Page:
ⓘ Trams in Stockholm


ⓘ Trams in Stockholm

The Stockholm tramway network forms part of the public transport system in Stockholm, the capital city of Sweden.

Beginning with horse trams in 1877, the Stockholm tram network reached its largest extent in 1946. Many of the former suburban tram lines became parts of the Stockholm Metro between the years 1950-1964. In September 1967, in conjunction with the Swedish switch from left-hand to right-hand traffic, the last parts of the once large inner-city street running tram network were closed. What little remained of the former network following 1967 were isolated suburban feeder lines to the Metro.

However; In 1991 a 3 km 1.9 mi long heritage line opened to the recreational area Djurgården; and in 2000, the non-radial half-circle line Tvarbanan opened with articulated low-floor vehicles connecting an inner ring of Metro and commuter rail stations just outside the inner city proper, with subsequent extensions in 2003 and 2014; and in 2010 the heritage line was extended and converted to a regular service line.


1. History

The first tramway in Stockholm was opened in 1877 and was drawn by horses. A tramline run on steam-power opened in 1887. Stockholms tram network was converted to electrical propulsion 1901-1905. An extensive network formed in the early 20th century. Trams were effectively replaced by the Stockholm Metro from 1950 onwards, and all tram lines were closed down by 1967 due to the effect of Dagen H and replaced with buses especially those in Stockholm proper, with the exception of two suburban tram lines, Lidingobanan and Nockebybanan.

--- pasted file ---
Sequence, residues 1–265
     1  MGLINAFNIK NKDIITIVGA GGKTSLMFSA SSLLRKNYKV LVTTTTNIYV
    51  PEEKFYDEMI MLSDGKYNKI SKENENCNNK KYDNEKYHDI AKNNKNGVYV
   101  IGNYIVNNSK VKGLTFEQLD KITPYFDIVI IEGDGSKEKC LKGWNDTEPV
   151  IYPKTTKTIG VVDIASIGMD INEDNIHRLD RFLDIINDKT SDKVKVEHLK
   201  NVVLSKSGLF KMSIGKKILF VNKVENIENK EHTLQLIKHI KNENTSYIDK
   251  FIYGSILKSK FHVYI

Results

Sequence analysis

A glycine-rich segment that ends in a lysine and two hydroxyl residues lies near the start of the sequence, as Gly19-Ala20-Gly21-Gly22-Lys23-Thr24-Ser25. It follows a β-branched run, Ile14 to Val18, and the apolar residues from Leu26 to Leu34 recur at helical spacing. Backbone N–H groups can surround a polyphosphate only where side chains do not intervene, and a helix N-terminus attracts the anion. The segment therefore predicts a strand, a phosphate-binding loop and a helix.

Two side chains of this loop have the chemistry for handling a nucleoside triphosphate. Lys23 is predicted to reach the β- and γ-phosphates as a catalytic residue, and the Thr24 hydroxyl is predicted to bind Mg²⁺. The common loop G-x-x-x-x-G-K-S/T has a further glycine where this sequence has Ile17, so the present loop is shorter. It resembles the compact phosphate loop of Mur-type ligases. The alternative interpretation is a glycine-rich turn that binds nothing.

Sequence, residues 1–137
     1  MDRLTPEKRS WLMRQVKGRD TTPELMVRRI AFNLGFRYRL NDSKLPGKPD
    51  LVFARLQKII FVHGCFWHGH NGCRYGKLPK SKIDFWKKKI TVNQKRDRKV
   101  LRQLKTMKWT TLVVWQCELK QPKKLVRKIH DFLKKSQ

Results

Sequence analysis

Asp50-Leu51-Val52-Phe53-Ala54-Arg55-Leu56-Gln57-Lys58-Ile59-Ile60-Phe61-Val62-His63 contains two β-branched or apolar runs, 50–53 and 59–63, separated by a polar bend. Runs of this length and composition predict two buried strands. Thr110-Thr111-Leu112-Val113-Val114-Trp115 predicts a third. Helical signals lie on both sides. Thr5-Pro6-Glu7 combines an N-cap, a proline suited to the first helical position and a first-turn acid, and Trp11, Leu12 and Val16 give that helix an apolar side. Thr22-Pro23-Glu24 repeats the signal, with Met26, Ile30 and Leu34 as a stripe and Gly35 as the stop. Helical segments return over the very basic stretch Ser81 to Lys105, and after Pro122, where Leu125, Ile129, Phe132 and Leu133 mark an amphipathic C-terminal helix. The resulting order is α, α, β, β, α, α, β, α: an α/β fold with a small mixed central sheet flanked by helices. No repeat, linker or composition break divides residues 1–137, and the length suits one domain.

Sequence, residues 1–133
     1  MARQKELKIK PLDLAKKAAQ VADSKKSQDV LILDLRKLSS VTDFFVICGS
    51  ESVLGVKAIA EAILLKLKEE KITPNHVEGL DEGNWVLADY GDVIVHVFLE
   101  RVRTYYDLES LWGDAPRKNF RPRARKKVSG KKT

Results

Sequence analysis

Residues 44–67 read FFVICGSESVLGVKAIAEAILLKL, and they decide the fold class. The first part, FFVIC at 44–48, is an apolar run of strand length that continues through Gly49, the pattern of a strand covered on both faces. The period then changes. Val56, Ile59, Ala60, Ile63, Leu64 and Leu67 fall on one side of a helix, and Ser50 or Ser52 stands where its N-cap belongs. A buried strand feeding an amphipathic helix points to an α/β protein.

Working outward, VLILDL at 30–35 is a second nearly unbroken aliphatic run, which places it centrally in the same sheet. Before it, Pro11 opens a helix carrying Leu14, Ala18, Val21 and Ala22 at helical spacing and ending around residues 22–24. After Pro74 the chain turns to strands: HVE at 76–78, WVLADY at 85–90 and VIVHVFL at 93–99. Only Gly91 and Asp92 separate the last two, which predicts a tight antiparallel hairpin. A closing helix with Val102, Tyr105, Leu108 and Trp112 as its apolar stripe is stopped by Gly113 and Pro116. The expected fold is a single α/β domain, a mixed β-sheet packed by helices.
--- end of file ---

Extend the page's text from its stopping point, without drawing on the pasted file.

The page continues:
In 1991, one tram line, Djurgårdslinjen, was reopened as a heritage and tourist line. Since 2000, two more tram lines have been built, Tvarbanan line 22, a peripheral line linking the southeastern suburb of Sickla with the northwestern suburb of Solna, and an extension of Djurgårdslinjen into the inner city Spårvag City line 7. The Tvarbana was extended in 2013, and will be further extended in the future.


2. Current service

As of 2018, the following lines provide service in the Stockholm metropolitan area:

All tramlines run on standard gauge track and use the same overhead voltage, 750 V DC. But there are two different cab signalling systems, one for Lidingobanan, one for Tvarbanan. This makes rolling stock incompatible. The other tramlines Nockeby and City/Djurgården have no cab signalling requirement.